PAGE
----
6. Ownership and control over productive resources, income and wealth is skewed. The apex of the rural economic structure is dominated by agricultural landowners, salt pan owners, owners of fishing trawlers and hatcheries, moneylenders and bigger traders, while agricultural laborers, tenant farmers, salt pan workers, workers employed on large fishing trawlers and hatchery workers form the base of this hierarchy. Between these extremes are small peasant farmers, petty traders, and smaller independent fishermen. Activities are seasonal. Livelihood sources and resource ownership is diverse. An agricultural landowner may also own salt pans and hatcheries; and salt pan workers who engage in salt pan production during the dry season from October to February, may also hire themselves out as agricultural laborers during the farming season, and engage in some petty trade throughout the year.
7. Another component of the socio-economic hierarchy are the religious leaders, who not only own and control economic assets, but are the interpreters and keepers of the community's religious conscience.
8. The experience of impoverishment and deprivation in Bangladesh is more acute for women. Economic impoverishment interacts with male-oriented family and kinship, community, market and state structures and processes, marginalizing women more than men, economically, politically and socially.5
9. While patriarchal contexts concentrate power and authority in male hands both within and beyond the household, discriminatory patrilineal family and kinship systems accord girl children, unlike boy children, partial membership in natal families. Girls are transferred on marriage - their socially prescribed destiny - to their marital homes, where they are supposed to belong. They do not ensure the continuity of lineage, nor are they supposed to provide support of any kind to their natal families after marriage, this being perceived as a slur on family prestige. This results in a widespread culture of son preference that leads to a greater investment of material and non-material resources in sons than in daughters. This coupled with gendered constructions of femininity - gender role and trait stereotypes - circumscribes a woman's activities and possibilities, and marginalizes her from ownership, control over and access to material and non-material resources both within the household and in society at large. It is no historical accident, therefore, that in the coastal villages, (as in other parts of Bangladesh) ownership, control over and access to productive material resources like land, salt pans, hatcheries, credit, equipment and the produce, and material benefits accruing from economic activities related to these resources, rested with men.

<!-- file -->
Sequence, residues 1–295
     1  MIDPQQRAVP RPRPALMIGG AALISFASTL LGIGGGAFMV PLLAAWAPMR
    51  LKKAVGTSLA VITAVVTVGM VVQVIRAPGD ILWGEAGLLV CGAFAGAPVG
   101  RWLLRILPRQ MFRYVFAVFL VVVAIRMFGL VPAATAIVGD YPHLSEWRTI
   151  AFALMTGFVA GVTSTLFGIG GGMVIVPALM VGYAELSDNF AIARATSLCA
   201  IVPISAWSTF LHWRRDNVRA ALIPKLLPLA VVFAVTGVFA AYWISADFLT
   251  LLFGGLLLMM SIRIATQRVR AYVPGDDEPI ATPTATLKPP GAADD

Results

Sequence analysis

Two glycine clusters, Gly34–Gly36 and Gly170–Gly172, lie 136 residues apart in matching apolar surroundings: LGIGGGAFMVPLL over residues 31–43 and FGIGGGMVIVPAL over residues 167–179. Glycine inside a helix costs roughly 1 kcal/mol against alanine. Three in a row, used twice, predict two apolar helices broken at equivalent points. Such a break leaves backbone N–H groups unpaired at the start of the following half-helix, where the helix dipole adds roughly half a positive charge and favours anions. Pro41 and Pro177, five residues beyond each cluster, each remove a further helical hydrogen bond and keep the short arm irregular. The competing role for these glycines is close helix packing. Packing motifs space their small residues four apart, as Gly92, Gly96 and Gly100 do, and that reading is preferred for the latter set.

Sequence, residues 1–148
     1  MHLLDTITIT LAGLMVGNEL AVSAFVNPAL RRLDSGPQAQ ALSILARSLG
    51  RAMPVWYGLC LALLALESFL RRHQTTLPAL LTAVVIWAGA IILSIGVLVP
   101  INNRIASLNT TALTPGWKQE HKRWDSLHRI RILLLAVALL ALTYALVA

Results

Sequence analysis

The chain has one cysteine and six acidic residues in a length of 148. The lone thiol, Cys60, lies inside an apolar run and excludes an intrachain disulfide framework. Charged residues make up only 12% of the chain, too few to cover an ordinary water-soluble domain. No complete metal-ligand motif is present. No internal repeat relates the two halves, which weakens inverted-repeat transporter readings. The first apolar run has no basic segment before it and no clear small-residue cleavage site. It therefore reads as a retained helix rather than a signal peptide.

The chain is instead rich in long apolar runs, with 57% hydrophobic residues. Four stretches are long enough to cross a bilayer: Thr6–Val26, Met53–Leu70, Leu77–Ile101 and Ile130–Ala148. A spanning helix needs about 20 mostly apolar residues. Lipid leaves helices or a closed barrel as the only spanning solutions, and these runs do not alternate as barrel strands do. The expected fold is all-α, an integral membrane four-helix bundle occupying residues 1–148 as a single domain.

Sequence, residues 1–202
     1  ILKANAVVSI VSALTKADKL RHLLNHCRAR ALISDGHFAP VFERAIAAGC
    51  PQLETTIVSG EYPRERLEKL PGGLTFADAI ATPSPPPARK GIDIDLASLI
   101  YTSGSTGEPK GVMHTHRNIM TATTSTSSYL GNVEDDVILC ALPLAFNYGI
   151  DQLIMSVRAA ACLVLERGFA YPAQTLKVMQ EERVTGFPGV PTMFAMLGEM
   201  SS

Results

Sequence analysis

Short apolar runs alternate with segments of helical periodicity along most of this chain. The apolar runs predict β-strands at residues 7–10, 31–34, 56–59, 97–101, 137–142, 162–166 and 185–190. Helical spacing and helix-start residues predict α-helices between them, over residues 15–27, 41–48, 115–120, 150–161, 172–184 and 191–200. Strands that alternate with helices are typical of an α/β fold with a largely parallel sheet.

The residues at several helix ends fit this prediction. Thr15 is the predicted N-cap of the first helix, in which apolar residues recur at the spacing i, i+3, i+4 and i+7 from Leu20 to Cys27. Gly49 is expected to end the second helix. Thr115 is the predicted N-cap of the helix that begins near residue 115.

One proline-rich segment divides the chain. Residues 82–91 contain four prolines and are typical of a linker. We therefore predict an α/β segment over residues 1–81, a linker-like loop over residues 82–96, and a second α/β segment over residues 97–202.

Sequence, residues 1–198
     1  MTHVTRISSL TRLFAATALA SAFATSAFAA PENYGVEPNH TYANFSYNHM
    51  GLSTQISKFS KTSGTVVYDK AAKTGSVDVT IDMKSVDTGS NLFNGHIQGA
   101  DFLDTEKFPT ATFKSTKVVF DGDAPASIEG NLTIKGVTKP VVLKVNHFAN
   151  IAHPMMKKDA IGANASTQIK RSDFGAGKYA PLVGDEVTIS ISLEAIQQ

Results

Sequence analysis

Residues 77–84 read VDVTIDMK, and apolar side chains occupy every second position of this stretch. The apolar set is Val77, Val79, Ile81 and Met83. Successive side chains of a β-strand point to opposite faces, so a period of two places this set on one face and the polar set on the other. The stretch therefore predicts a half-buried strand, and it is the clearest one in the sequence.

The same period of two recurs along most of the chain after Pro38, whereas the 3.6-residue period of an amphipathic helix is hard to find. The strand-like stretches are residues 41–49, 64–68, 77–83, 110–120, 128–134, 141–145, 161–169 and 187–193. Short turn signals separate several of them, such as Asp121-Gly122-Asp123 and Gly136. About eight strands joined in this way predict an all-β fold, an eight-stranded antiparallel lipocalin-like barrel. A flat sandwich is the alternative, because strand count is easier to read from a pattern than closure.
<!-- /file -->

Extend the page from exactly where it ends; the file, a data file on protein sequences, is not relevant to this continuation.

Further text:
10. Principles of patrilineal descent place considerable emphasis on the biological paternity of a child result in a stringent control over a woman's sexuality and reproduction at every stage of her life. Bodily integrity and sexual purity are important features of virtuous womanhood, and determinants of familial and community honor. Men are entrusted with the task of guarding and protecting this virtue.
11. There have, however, been some transformations in the last couple of decades that have impacted different categories of women in Bangladesh differently. New economic opportunities have emerged for middle class urban women, drawing them into paid public employment. The growing landlessness and impoverishment of the majority of the rural population, and the consequent erosion of the basis of their productive role within household-based production, is increasingly compelling poor rural women's entry into the labor market. However restrictions on women's physical mobility have contributed to confining them to the informal, undervalued and invisible margins of the labor market. In general their paid work has represented an extension of their traditional roles. Employment in the export oriented garment industry, has been one option for poor women since the 1980s in urban areas. Domestic service, begging and prostitution are other alternatives.
12. It is this socio-economic, political and cultural landscape that frames women's vulnerabilities and capacities in and in the aftermath of cyclonic disasters.